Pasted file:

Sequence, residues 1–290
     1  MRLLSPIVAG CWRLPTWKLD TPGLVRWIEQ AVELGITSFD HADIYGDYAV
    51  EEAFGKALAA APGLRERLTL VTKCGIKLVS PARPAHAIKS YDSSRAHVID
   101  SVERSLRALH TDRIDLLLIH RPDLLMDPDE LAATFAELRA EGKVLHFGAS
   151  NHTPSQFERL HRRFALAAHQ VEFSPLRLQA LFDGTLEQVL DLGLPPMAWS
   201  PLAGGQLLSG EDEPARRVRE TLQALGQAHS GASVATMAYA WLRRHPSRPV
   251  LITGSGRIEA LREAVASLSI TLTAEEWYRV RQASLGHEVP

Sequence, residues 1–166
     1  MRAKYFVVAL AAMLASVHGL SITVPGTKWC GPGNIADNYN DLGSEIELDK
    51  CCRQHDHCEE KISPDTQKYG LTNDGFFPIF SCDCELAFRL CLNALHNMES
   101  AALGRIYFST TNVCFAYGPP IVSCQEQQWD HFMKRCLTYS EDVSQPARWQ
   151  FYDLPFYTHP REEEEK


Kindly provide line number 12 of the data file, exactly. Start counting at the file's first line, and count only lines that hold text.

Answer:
   151  FYDLPFYTHP REEEEK